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January 27 | The FTP 2014-2020

Hydrocarbon mathematics

"... Get rid of doubts we have deposits” - Vladimir Vysotsky sang about the Tyumen oil in1970s. And today, because of the abundance of minerals some neighbors are ready to compare Russia to a gas station, though, if we look at the figures, the Russian Federation is  not the top "oil" country judging by the gross oil mines capacity volume. But Russia is on the first place for natural gas. It’s an open question if the era of "black gold" and other hydrocarbons goes to its end: the statistics show that the world's proven hydrocarbon reserves at current volumes of production and consumption are enough for all mankind for about 50 years. Therefore, the developed countries are trying to gradually shift to renewable energy, improve the nuclear one and work on creating synthetic minerals.

However, new fields and new ways of production may extend the hydrocarbon era in power technology for an indefinite number of years.

The case is for geological exploration, and the Arctic is under the gun as one of the most neglected and potentially rich in hydrocarbons regions. Therefore, domestic research teams develop and streamline methods for hydrocarbon exploration in severe northern conditions - to mine the inland and the ice shelf. One of these is youth MIPT team led by Professors Alexander Zhdanov and Igor Petrov - has been charged with "development of highly accurate computational methods and complex software and algorithmic engine for search and exploration of minerals by seismic and electromagnetic methods in the shelf zone of the Arctic" starting from September last year under the project supported by the Federal Target Program "Research and development in priority areas of scientific and technological complex of Russia for 2014 - 2020 years."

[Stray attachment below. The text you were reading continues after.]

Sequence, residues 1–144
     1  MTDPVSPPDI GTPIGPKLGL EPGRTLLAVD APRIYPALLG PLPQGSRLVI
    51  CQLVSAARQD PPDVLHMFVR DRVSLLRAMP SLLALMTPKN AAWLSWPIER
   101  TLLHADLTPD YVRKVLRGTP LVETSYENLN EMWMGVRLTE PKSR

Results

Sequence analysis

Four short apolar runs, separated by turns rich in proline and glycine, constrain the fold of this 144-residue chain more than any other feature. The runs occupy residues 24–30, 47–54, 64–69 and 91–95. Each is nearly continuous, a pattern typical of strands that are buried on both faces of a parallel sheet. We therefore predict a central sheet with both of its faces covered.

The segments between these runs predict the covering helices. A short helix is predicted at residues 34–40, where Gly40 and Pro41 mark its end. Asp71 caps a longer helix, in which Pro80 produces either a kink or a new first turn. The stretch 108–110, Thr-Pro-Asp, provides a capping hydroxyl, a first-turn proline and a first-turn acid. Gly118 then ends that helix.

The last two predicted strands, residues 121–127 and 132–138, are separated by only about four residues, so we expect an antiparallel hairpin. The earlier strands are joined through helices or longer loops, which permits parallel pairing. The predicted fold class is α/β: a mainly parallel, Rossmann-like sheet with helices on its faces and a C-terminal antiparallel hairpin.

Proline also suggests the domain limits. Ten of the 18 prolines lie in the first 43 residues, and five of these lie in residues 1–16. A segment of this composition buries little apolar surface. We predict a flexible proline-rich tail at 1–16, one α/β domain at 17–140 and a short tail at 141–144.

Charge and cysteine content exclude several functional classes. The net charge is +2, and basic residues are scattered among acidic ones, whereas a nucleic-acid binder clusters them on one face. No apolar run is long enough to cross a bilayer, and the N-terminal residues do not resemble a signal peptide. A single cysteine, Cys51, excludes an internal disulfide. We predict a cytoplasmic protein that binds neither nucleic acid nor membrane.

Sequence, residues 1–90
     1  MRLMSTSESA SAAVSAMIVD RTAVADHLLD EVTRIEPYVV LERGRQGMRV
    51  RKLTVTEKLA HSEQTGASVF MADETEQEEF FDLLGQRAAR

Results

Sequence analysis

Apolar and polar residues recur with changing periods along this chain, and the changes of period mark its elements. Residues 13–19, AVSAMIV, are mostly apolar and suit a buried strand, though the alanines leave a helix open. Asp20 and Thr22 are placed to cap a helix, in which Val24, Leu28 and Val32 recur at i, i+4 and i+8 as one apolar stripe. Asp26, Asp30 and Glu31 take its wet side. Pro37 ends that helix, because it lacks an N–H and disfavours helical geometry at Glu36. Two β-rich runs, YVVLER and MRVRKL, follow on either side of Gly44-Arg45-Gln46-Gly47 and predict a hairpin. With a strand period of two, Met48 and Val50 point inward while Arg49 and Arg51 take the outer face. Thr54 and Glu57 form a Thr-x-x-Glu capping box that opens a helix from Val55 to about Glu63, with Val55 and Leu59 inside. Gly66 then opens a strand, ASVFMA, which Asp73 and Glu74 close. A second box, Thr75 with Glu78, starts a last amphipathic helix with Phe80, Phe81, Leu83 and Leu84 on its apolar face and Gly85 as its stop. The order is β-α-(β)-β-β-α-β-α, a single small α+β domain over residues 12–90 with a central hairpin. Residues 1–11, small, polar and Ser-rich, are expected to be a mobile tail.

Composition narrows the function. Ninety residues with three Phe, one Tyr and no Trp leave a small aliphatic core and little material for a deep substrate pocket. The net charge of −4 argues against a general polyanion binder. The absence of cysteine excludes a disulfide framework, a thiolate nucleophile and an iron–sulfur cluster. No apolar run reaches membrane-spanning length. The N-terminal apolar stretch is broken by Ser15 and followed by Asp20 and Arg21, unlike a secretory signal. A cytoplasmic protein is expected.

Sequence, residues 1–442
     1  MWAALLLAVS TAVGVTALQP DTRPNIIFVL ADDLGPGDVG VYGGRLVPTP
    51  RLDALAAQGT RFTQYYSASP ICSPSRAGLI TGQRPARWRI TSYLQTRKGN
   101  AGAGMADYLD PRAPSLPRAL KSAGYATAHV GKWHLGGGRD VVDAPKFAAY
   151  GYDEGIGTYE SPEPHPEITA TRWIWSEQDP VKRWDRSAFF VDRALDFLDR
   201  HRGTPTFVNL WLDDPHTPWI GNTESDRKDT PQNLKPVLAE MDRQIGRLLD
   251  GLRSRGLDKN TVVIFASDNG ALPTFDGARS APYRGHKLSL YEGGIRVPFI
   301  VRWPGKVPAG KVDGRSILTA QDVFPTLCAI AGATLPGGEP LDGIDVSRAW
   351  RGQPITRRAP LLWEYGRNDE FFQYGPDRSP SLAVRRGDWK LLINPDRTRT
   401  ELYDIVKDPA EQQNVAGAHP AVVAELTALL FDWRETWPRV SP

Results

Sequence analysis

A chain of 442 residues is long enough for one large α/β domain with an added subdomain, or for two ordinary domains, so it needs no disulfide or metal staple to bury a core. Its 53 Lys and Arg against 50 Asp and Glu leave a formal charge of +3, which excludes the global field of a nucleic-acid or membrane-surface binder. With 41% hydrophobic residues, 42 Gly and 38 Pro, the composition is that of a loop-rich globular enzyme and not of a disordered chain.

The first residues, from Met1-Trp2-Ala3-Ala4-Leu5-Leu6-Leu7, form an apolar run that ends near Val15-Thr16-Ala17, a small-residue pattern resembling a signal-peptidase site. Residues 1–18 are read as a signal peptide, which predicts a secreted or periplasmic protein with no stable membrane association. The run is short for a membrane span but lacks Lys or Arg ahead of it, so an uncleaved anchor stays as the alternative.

As you know, a huge part of the Arctic belongs to Russia; there are about a dozen major oil and gas fields today, many of which are of federal significance: in the Barents, Kara, Pechora seas (including acting oil platform "Prirazlomnaja").


"There are eight attractive gas fields in the Arctic shelf of the country now, which were discovered from 1983 to 1992 - in just nine years," - Igor Petrov, head of the MIPT department of computer science and official leader of the project, says. According to him, the gas reserves in the Arctic are so far estimated at about 3 trillion cubic meters: "That's enough for our descendants - if only we have the strength and finances to get them."

However, the Arctic, as the hydrocarbon area, is seriously different from the Volga, the Caspian regions and even from Western Siberia because of its difficult natural conditions. Any work in the Arctic are associated with big problems, but when it comes to offshore production - with ice formation in the first place. Large and small ice floes, icebergs and hummocks are a serious obstacle to the ships, although many seas of the Arctic Ocean are shipping all the year round.

Ice can harm the concrete towers, transportation systems, and even the gas and oil transporting tubes located on the bottom of the northern seas. Most of the Pechora and Kara seas are covered with drifting ice, their speed can reach more than half a meter per second, and much higher during the storm. The situation is easier inlands, but the conditions are also extreme because of the permafrost. Therefore, the objectives of research in the Arctic are inevitably connected with its specificity. And exploration would not be an exception.